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Variations on a Rococo theme, Op 33

December 1876 to January 1877; dedicated to Wilhelm Fitzenhagen

The Variations on a Rococo theme, Op 33 were written in Moscow in December 1876, while the composer’s tenure at the Conservatoire was slowly dragging to a close, and his lucrative, epistolary relationship with von Meck beginning to flower. Although he resented the hours teaching that prevented him from composing, Tchaikovsky had nevertheless made some enduring friendships at the Conservatoire, among them the cello professor Wilhelm Fitzenhagen, who had taken positions in Moscow after refusing an offer from the great Franz Liszt to remain with his orchestra in Weimar. No cellist and famously riddled with self-doubt, Tchaikovsky had agreed to a number of alterations suggested by Fitzenhagen, for whom the work was composed, and it seems to have been this ‘original’ version which was premiered in November 1877, in Moscow, under Nicolai Rubinstein, with Fitzenhagen as soloist. So far so good. However, Fitzenhagen had further ideas of his own for the piece and set about ‘improving’ the work; substantially altering the solo part, tagging endings on here and there, shuffling the movements and even omitting the final variation altogether. ‘Horrible Fitzenhagen insists on changing your cello piece…and he claims you gave him permission. Good God!’ wrote the unconvinced publisher Pyotr Jurgenson to the composer. Nevertheless, the piano score was published in 1878, presumably without the composer’s approval, and the orchestral score appeared some years later, in 1889, both ‘revised and corrected’ by Fitzenhagen. In the case of the piano score, Tchaikovsky’s seeming reluctance to get involved may have been in part due to the extensive travels undertaken to shake off the horror of his badly-judged and swiftly-aborted marriage in 1877. And in the case of the publication of the orchestral score, a furious, and either accepting or resigned Tchaikovsky famously declared, ‘The devil take it. Let it stand!’. And so the Fitzenhagen version of the Rococo Variations remains the standard version of the piece—even to this day.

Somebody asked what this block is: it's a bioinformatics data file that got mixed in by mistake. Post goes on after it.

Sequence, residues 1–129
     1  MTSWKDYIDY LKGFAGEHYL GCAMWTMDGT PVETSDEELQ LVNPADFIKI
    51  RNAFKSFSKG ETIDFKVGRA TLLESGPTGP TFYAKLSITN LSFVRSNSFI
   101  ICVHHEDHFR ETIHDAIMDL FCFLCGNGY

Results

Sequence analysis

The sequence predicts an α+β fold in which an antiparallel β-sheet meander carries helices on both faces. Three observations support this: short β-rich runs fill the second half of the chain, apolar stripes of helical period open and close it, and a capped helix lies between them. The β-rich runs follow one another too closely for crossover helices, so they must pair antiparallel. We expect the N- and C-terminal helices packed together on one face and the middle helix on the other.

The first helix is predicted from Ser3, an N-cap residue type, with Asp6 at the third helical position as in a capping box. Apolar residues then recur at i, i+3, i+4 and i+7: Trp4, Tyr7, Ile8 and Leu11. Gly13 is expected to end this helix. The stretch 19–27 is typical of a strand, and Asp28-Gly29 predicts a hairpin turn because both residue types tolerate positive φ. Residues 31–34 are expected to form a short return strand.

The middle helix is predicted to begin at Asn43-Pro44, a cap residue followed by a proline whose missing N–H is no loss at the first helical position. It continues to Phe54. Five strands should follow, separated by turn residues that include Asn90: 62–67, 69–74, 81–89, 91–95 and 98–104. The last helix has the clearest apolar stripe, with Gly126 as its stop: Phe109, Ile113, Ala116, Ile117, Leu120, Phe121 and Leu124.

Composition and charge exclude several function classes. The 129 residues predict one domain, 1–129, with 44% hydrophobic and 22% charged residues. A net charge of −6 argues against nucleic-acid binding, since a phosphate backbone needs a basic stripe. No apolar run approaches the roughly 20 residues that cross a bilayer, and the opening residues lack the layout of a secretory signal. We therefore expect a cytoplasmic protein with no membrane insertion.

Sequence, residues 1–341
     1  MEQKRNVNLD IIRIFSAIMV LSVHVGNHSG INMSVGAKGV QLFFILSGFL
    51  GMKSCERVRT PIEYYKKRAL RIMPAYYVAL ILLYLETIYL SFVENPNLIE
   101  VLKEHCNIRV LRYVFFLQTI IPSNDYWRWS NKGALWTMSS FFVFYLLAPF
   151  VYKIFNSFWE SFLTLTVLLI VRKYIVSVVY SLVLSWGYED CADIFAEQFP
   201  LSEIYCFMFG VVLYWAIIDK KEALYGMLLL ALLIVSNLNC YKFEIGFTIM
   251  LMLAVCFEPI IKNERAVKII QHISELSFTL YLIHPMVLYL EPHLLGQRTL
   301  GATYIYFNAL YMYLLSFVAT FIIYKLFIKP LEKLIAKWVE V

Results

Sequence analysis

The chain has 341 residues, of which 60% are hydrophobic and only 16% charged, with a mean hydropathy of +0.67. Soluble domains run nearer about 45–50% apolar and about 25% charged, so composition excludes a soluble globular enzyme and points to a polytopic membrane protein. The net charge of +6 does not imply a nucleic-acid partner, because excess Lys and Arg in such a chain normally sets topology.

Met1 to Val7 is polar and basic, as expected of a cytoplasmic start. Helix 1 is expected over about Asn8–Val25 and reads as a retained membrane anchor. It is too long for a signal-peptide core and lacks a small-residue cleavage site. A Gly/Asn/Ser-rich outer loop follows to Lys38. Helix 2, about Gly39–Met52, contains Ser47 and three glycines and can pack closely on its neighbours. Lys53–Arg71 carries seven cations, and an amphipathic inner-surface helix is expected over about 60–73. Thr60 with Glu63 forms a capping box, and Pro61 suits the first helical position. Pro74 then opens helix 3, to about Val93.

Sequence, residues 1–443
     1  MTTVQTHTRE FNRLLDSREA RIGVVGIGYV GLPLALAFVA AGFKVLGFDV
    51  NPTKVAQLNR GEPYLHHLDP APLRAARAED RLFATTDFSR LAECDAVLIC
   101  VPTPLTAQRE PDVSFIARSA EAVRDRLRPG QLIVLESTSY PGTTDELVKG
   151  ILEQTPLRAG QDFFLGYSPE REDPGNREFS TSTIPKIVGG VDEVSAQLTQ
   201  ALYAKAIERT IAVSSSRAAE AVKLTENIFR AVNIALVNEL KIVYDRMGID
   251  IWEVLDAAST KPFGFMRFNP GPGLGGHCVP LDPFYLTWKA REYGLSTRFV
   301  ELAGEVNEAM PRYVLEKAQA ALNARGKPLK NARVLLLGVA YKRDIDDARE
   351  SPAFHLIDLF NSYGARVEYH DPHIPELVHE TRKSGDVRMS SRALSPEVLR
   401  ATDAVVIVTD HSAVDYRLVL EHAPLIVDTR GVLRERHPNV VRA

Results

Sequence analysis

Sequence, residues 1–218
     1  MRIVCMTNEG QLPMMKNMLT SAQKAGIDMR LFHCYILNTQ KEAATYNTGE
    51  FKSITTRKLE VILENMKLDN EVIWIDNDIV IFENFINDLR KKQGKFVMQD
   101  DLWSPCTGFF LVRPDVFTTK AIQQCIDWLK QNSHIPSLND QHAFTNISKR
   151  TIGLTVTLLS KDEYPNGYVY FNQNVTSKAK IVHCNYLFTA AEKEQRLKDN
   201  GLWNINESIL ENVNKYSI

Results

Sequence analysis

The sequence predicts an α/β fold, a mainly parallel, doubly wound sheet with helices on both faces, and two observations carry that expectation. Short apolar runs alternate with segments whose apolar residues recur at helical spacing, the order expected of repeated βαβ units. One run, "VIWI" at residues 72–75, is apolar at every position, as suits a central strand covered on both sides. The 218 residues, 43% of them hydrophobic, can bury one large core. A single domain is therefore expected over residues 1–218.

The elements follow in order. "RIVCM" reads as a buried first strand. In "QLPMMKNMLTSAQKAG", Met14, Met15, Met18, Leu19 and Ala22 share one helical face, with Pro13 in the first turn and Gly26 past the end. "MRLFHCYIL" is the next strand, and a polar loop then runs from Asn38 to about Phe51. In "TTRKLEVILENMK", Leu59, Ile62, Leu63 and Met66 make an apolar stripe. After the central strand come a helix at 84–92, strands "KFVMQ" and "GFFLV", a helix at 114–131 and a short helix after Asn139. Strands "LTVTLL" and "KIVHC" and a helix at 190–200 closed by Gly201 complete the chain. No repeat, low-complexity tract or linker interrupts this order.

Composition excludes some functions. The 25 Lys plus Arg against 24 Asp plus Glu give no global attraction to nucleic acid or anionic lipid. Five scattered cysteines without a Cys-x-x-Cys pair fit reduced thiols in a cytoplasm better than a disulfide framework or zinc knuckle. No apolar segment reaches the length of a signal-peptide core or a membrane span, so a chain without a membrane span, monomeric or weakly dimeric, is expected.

Not until 50 years after Tchaikovsky’s death did the composer’s ‘original’ version come to be heard in the concert hall, its first modern performance documented as being by Daniil Shafran in 1941. The Soviet-published edition of 1956, the composer’s ‘original’ score, obviously still retains much of Fitzenhagen’s initial and, indeed, subsequent revisions to the cello part, but the variations are restored to Tchaikovsky’s original plan.

The Rococo Variations reflects Tchaikovsky’s adoration of the music of Mozart, a composer he revered above all and referred to as the ‘Christ of music’. The poise and order of the music of Mozart and his time appealed greatly to a composer we regard as representing of the heights of the so-called Romantic period. The work has a brief, almost subdued, orchestral introduction leading into the refined charm of the cello theme—not an 18th-century original, but rather Tchaikovsky’s idealised view of such a theme. Thereafter the cellist barely draws breath, the melody expanding into ever more expansive declarations, duets with the flute and the clarinet, cadenzas and a virtuoso package of classic cello cantabile, pizzicato, double-stopping, nostalgic waltzes, runs and trills until the coda brings us to an invigorating conclusion.

from notes by M Ross © 2015


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Movement 01: Moderato assai quasi andante
Movement 02: Theme
Movement 03: Variation 1
Movement 04: Variation 2
Movement 05: Variation 3
Movement 06: Variation 4
Movement 07: Variation 5
Movement 08: Variation 6
Movement 09: Variation 7
Movement 1: Introduction: Moderato quasi andante
Movement 10: Variation 8 – Coda
Movement 2: Thema: Moderato semplice
Movement 3: Variation 1: Tempo della thema –
Movement 4: Variation 2: Tempo della thema
Movement 5: Variation 3: Andante sostenuto
Movement 6: Variation 4: Andante grazioso –
Movement 7: Variation 5: Allegro moderato
Movement 8: Variation 6: Andante
Movement 9: Variation 7 and Coda: Allegro vivo

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